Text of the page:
The finite element method fem, engineering, Other Engineering

The finite element method
The finite element method (FEM), sometimes referred to as finite element analysis (FEA), is a computational technique used to obtain approximate solutions of boundary value problems in engineering. The finite element method owes its origins to three different fields-Mathematics, Physics, and Engineering. The method was originally developed to study thestresses in complex air-frame structures (Clough 1960) and was later extended to the general field of continuum mechanics (Zienkiewicz and Cheung 1965). There have been many articles on the history of finite elements written by numerous authors with conflicting opinions on the origins of the technique (Gupta and Meek 1996; Oden 1996; Zienkiewicz 1996). The finite element method is receiving considerable attention in engineering education and in industry because of its diversity and flexibility as an analysis tool.. Greenstadt (1959) outlined a discretization approach involving “cells” instead of points. This approach contained many of the essential and fundamental ideas that serve as the mathematical basis for the finite element method. Research has shown that this method is appropriate and of negligible error in solving problems associated with engineering systems.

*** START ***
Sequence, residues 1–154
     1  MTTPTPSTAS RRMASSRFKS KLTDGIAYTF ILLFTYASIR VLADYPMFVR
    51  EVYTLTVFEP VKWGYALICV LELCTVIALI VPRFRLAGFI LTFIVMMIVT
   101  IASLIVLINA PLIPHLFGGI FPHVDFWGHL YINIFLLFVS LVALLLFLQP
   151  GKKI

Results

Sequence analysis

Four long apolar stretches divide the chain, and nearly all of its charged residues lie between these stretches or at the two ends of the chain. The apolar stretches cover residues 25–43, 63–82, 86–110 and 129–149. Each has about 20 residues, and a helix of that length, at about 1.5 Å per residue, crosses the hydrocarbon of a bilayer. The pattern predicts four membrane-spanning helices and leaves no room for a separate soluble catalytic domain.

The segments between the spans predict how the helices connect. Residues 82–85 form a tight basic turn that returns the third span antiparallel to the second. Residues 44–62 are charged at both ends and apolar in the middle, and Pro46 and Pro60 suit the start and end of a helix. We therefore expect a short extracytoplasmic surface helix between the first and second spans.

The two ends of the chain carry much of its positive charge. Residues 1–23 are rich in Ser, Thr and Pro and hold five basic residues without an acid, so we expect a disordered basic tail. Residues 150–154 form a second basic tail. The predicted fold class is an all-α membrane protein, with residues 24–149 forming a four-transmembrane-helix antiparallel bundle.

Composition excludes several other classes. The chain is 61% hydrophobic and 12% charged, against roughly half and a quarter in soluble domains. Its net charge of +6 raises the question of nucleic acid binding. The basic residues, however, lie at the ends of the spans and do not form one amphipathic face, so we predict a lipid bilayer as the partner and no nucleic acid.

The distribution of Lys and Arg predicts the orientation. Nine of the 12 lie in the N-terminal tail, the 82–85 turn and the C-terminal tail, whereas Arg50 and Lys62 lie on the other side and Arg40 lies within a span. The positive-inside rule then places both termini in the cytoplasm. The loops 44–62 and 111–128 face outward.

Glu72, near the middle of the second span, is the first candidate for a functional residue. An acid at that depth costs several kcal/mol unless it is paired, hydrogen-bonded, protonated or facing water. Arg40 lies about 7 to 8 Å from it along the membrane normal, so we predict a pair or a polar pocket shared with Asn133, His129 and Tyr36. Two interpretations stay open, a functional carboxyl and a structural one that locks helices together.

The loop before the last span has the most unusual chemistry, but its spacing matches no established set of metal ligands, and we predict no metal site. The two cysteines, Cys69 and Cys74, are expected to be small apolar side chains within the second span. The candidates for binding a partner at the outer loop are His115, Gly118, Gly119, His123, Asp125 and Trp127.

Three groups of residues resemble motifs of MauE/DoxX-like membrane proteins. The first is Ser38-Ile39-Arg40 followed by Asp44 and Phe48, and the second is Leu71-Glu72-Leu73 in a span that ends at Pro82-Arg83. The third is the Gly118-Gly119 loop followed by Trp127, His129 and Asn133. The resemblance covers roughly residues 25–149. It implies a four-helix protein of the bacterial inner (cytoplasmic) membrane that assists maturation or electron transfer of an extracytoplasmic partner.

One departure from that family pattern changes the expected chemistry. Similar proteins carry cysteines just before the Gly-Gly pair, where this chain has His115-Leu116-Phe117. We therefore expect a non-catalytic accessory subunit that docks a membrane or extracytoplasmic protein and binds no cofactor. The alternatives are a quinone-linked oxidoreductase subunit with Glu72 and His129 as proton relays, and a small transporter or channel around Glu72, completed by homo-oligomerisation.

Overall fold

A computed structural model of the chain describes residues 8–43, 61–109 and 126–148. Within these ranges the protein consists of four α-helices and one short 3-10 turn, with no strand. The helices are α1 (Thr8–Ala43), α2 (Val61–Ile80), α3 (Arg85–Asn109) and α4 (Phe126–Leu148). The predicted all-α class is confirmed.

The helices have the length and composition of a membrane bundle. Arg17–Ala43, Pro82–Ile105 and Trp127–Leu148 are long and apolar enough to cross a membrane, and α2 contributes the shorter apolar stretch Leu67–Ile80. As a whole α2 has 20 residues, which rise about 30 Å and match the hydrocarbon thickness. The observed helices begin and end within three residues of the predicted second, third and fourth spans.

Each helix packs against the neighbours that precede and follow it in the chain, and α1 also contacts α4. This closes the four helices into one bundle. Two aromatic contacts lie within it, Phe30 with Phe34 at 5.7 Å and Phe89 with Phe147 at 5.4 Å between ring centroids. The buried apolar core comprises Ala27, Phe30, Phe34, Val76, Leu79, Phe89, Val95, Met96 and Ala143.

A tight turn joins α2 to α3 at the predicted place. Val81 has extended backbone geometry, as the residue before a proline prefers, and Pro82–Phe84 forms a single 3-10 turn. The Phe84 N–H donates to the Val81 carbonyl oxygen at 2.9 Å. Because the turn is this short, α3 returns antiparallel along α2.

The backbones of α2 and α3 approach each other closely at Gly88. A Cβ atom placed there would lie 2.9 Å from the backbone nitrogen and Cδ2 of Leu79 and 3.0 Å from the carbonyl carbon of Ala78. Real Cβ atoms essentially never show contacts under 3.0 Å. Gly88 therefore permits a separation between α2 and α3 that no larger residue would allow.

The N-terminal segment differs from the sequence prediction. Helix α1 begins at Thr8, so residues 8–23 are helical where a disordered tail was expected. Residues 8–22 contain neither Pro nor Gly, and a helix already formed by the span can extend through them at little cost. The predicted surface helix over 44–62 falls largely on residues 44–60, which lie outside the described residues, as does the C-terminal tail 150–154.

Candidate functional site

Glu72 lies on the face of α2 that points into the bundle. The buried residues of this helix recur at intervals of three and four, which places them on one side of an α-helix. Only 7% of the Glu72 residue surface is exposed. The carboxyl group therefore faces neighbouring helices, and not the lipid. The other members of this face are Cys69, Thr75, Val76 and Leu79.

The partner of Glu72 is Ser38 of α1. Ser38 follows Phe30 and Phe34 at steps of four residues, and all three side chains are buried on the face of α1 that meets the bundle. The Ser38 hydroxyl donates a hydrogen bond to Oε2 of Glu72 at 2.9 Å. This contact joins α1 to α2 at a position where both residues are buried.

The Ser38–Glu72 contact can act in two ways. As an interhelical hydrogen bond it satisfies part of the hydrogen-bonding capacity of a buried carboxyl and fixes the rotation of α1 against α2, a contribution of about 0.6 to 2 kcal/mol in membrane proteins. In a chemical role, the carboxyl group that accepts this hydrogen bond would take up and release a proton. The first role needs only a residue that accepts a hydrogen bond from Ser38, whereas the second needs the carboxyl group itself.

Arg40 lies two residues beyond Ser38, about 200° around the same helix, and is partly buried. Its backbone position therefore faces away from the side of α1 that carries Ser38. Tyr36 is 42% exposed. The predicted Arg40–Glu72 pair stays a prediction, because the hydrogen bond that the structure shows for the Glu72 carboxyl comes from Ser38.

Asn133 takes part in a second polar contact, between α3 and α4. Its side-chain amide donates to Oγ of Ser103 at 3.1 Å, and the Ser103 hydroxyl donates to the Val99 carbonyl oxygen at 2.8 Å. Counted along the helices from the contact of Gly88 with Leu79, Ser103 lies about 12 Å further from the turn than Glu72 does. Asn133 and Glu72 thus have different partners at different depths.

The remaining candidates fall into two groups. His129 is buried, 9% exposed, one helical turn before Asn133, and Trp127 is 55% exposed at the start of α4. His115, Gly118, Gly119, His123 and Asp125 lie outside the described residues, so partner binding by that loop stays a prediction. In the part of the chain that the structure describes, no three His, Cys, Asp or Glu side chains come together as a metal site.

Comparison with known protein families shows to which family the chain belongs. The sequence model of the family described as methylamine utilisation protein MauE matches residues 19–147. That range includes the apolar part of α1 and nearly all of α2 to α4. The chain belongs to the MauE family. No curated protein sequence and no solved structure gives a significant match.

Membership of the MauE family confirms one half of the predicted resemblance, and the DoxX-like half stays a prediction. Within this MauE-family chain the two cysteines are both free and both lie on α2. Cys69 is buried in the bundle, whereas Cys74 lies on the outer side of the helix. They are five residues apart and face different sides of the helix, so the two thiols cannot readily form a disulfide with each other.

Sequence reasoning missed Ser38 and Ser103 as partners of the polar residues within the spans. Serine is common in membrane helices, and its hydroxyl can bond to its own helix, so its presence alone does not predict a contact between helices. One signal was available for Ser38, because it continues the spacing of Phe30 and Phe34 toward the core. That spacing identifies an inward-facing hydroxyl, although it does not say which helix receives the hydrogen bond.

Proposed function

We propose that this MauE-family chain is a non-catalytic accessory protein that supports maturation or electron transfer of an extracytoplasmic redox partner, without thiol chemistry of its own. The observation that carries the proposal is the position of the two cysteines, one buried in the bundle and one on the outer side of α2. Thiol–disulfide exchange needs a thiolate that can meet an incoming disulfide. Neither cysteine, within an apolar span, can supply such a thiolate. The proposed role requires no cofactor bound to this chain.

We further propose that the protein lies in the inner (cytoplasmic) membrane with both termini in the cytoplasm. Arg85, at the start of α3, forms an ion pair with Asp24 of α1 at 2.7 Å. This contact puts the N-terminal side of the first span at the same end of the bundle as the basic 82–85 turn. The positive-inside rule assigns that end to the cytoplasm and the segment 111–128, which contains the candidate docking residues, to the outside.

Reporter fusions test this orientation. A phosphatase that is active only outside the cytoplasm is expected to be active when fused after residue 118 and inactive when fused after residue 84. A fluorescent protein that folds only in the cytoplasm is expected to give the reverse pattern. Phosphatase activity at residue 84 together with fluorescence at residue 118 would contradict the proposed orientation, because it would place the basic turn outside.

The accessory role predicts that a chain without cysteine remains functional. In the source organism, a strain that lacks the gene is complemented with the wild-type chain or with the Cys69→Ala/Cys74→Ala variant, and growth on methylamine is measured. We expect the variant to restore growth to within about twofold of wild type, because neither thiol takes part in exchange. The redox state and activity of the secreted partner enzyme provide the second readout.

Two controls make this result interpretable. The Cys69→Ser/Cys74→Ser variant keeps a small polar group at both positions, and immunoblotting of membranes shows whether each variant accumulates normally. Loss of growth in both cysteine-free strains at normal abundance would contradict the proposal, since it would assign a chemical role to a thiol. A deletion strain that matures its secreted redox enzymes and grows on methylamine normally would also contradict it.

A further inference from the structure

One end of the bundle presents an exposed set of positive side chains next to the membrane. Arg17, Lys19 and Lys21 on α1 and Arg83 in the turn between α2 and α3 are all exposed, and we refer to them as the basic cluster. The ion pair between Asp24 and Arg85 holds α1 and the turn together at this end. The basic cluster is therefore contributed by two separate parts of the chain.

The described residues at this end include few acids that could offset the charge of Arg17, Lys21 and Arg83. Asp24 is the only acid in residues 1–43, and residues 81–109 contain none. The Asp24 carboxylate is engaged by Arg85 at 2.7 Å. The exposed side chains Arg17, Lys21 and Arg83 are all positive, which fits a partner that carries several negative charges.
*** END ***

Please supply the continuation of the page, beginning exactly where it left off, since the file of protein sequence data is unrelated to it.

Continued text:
The finite element method considers a complicated domain to be subdivided into a series of smaller regions in which the differential equations are approximately solved. By assembling the set of equations for each region, the behaviour over the entire problem domain is determined. Each region is referred to as an element and the process of subdividing a domain into a finite number of elements is referred to as discretization. Elements are connected at specific points called nodes and the assembly process requires that the solution be continuous along common boundaries of adjacent elements.
Simple stated by Huebner and Thornton (1982), the finite element analysis can be obtained by:
Discretizing the continuum: by replacing it by a series of simple, interconnected elements where the field properties will be relatively easy to compute.
Select the interpolation function: that shows the variation of the field variable across the element domain.
Find the element properties: by substituting discrete values for the field variable at the nodes. This leads us to a system of equations.
Assemble the nodes: by combining each element approximation of the field variable to form a piecewise approximation of the behaviour over the entire solution domain.
Apply the boundary conditions that indicate the uniqueness of the solution.
Solve the system of equations using numerical techniques at each node.
Make additional computations, visualization and optional analysis using computer software.
Posted Date: 2/5/2012 1:37:51 PM | Location : United States







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